Joseph Gordon-Levitt makes an assured debut as a writer-director with Don Jon, a cultural critique of the expectations placed on relationships in an environment saturated with media misrepresentations of both women and men. It’s a comedy ostensibly about porn, but that’s really just the skin Gordon-Levitt puts on his examination of modern love, the hook that belies his trenchant commentary on how we objectify—instead of connect with—the opposite sex.
Gordon-Levitt also stars as the titular Romeo, a sexy Jersey boy who brings home a different girl every weekend. He loves his bros and he loves his family, and he goes to church every Sunday, followed by a workout where he recites the Hail Marys he’s been assigned in confession in lieu of counting out reps. Gordon-Levitt is irresistible in the role, adopting the Situation’s swagger on-screen, donning it like a uniform before he joins his boys at the club.
Don’s also addicted to porn, though the “A” word isn’t emphasized, if used at all. In his aggressive, aptly applied voiceover, he explains the appeal of pictures and video over the real thing in a way that almost makes sense. Which isn’t to say pornography is romanticized here—it’s not. In fact, it’s really rather ugly in a way that Thanks for Sharing, another recent indie dramedy that deals with sex addiction, largely avoids.
Don’s streak with the ladies ends when he meets Barbara Sugarman (an alluring, gum-smacking Scarlett Johansson), a sexy Jersey girl who has her own screwed-up sense of what love should look like based on movies—not porn, but the romantic comedies she adores. She wants to meets his friends and family, for example—and see him enroll in night school—before she’ll get in the sack. And pornography? That’s a deal-breaker.
Gordon-Levitt goes in a refreshingly unexpected direction with this setup—one that won’t be spoiled here. But he lays clues along the way that hint at what really will turn Don’s life around—even if he doesn’t know he needs it. The film is stylistically repetitive, using Don’s weekly drive to church, confession, Sunday dinner and workout as touchpoints—what, we wonder, is going to shake up his routine?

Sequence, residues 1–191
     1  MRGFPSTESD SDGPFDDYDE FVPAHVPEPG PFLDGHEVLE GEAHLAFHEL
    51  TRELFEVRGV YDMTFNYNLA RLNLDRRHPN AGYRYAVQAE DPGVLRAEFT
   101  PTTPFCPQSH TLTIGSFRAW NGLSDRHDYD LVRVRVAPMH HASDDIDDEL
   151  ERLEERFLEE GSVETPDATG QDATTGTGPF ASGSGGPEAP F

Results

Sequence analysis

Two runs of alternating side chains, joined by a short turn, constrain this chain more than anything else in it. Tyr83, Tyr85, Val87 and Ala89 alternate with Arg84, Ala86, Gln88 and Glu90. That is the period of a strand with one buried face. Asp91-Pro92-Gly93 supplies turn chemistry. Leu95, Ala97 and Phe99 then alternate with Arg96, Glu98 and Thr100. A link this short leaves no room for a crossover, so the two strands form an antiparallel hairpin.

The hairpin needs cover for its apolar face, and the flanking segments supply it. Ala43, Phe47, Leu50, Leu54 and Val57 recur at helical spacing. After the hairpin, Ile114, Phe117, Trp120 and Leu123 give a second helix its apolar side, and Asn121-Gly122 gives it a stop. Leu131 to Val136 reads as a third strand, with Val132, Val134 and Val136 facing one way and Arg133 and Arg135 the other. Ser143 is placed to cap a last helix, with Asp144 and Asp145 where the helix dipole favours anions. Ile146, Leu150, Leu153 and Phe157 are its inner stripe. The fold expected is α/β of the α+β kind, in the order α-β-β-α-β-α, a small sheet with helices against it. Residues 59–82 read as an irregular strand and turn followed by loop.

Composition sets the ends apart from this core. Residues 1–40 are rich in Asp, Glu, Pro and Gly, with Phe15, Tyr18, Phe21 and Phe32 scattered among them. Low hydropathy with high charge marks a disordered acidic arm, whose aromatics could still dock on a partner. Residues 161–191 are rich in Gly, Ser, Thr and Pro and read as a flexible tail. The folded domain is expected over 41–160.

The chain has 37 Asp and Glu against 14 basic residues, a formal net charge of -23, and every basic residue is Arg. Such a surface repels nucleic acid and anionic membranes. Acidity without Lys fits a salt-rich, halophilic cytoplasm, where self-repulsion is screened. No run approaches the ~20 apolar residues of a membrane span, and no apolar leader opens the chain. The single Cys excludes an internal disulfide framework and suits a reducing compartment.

Tony Danza is a scene-stealer, by the way, at those family meals as Don’s football-obsessed father. Unable to turn away from the tube even as he talks fondly about meeting his wife for the first time, Don Sr.’s got his own addiction to media. Meanwhile, Brie Larson appears as Don’s sister, constantly glued to her phone. She doesn’t say a word, in fact, for most of the movie. But when she finally speaks, it’s gold.
Don Jon demonstrates a deft sense of editing of both picture and sound by Gordon-Levitt and his editor, Lauren Zuckerman, emphasizing Don’s routine without letting it get boring. The signature hum of an Apple computer booting up, for example, becomes a signal—eventually, we don’t even need to see it to know what comes next. Meanwhile, cross-cutting between a nice, if kind of dull dinner and what he’d rather be doing (or watching) shows how pervasive porn has become in Don’s life, and time lapse illustrates his inevitable meltdown without lingering over it.
These visual and aural tricks aren’t gimmicks. Rather, they’re masterfully used tools integral to telling the story. When the soundtrack finally goes quiet, we know what’s happening is, finally, real.
Starring: Joseph Gordon-Levitt, Scarlett Johansson, Julianne Moore, Tony Danza, Rob Brown, Glenne Headly, Brie Larson, Jeremy Luke
Release date: Sept. 27, 2013